Lately, it seems that Redmond, Mountain View and Seoul are all determined to get a piece of the mobile pay pie. Though, currently Apple is the only one that is actually cashing in. Despite the fact that Google Wallet has been around since 2011, while Apple Pay only launched in October of last year, the iOS giant seems to have, pretty much, taken over the mobile pay market. Even though Android dominates iOS in phone sales worldwide, Apple Pay transactions have caught on and are growing exponentially.
Google has every intention of changing that and a source ‘close to the matter’ has told Ars Technica that it will be launching Android Pay at Google I/O in May. The new system will allow companies to add a mobile payments option to their apps, allowing user to upload card information, making payments a single-tap transaction. Google’s Host Card Emulation (HCE) will make it easy for third party apps using Android phones to use NFC (Near Field Communication). Android Pay would still allow users with Google Wallet to pay using the new software, but they would not need to have the older system. Apple Pay has not be a complete detriment to Google Wallet though, since the Android payment system has seen a 50 percent increase in the number of transactions per week since Apple Pay launched.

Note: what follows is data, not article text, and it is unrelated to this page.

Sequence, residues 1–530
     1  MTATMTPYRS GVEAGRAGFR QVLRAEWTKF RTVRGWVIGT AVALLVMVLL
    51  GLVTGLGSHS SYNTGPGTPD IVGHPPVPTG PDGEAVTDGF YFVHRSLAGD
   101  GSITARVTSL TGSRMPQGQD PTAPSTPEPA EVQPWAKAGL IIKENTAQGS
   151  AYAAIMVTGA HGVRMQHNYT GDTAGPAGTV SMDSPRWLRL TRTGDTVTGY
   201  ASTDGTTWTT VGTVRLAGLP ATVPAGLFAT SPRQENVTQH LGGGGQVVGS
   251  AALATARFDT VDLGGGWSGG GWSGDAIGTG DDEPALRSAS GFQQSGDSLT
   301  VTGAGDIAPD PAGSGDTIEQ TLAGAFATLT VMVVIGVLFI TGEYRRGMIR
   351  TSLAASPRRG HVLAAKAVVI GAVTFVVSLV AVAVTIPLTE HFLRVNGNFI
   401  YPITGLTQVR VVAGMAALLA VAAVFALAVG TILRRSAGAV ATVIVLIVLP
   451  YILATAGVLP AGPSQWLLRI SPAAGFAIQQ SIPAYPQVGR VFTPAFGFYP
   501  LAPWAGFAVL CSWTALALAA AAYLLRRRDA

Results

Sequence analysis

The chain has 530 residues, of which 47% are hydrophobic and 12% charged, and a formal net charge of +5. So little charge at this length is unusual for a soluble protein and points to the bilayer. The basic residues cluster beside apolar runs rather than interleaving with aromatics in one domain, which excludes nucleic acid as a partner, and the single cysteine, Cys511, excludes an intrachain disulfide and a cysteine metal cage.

This past Monday, Google announced that it had acquired SoftCard (formerly ISIS) and that the purchase included ““some exciting technology and intellectual property.” Though SoftCard was initially launched as a competitor to Google Wallet, it seems that there may be some wisdom in the “if you can’t beat ‘em, join ‘em” philosophy.
Meanwhile, with Samsung’s recently announced acquisition of LoopPay, it appears the contest may well end up as an all-out battle between the three giants. There are rumors that we may see the first fruits of this new partnership as early as next week with the announcement of the Galaxy S6. But, either way, its apparent that Samsung does not intend to be left behind when there are mobile payment profits to be made.
I have no idea who will end up on top, when the dust settles but, hopefully, the consumer will be the big beneficiary in the long run. The convenience of mobile payments cannot be denied and it is apparent that this is something that the public wants. Perhaps each will get a fair share of the business that’s coming. And competition is usually a good thing for the customers.
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